With over 550 exhibited items and thousands more in its stores, the archaeological museum of Rabat is one of the country’s most prestigious museums. Founded in 1928, the museum traces the history of Morocco from its prehistoric to Islamic periods and is the culmination of a series of expansions and developments. The new exhibition concept, developed after the renovations of 2003-2004, emphasises the objects from the excavation of the Almohad mosque in Tinmel and those around the Koutoubia mosque in Marrakesh.
Artefacts on display
The museum exhibition occupies three rooms, a patio and a garden.
- The first section, on the ground floor, exhibits a chronological overview of pre-Islamic Morocco from its prehistoric cultures to the Phoenician, Mauritanian and Roman epochs, each of which are illustrated by specific tools and production.
- The upper floor contains the Islamic collections which are organised thematically in regard to material and object usage. Varying coins represent the successive Islamic dynasties within Morocco. The ceramic collections highlight the evolution of several techniques throughout the Islamic period; cuerda seca, stamped, metal and polychrome glazes. Architectural developments are represented through structural and decorative aspects such as murals, wood structures, capitals, cloisters and stucco.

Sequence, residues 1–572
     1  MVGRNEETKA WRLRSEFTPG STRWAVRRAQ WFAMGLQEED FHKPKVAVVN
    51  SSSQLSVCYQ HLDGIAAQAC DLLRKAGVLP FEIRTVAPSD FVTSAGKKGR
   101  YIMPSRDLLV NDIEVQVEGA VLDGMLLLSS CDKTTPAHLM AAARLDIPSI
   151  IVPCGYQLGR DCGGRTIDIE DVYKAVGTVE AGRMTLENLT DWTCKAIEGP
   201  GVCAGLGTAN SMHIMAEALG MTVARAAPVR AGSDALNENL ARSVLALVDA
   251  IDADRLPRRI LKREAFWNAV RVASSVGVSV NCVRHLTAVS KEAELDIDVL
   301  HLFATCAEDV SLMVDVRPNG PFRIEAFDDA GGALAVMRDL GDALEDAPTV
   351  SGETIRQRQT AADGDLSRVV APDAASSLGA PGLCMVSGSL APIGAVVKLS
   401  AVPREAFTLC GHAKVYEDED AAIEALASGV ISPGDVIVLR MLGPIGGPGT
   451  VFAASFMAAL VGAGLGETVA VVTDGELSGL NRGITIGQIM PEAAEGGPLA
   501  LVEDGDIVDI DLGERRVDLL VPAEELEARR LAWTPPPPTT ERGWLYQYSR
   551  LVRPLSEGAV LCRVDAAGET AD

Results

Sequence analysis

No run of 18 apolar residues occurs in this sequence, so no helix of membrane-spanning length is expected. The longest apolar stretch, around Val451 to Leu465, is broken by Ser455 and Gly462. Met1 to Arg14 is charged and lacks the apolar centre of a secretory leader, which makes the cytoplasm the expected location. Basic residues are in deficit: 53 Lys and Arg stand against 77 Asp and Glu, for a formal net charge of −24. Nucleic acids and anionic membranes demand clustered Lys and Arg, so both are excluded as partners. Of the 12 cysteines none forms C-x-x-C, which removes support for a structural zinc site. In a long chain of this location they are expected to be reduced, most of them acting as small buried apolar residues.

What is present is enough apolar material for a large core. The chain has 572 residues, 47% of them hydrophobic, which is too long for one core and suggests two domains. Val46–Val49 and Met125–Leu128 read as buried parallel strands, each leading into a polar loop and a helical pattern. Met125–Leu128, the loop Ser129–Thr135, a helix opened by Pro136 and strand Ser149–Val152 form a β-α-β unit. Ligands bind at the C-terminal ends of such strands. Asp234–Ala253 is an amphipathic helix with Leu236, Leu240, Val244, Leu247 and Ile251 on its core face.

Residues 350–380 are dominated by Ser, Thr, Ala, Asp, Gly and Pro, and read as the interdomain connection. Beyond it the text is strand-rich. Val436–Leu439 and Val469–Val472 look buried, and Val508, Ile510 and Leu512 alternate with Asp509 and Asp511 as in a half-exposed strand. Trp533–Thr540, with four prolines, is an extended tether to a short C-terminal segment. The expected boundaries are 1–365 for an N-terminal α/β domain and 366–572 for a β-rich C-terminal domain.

- This section is also thematically curated and highlights the classical statuary, when the region was part of the Roman province known as Mauretania Tingetana. Prestigious works illustrate Greco-Roman mythology as well as the history and the public life of the empire, denoting a collection of inestimable historical and aesthetic value. These include statues of the Roman Goddess Venus, Theseus slaying the Minotaur, the Ephebe pourer, an imposing head of the Goddess Juno and a bust of the Mauretanian King Juba II (25 BCE-23 CE).
- The third section of the museum offers a collection of inscriptions and rock engravings.
23, rue Brihi
T +212 537 70 19 19
T +212 537 701 919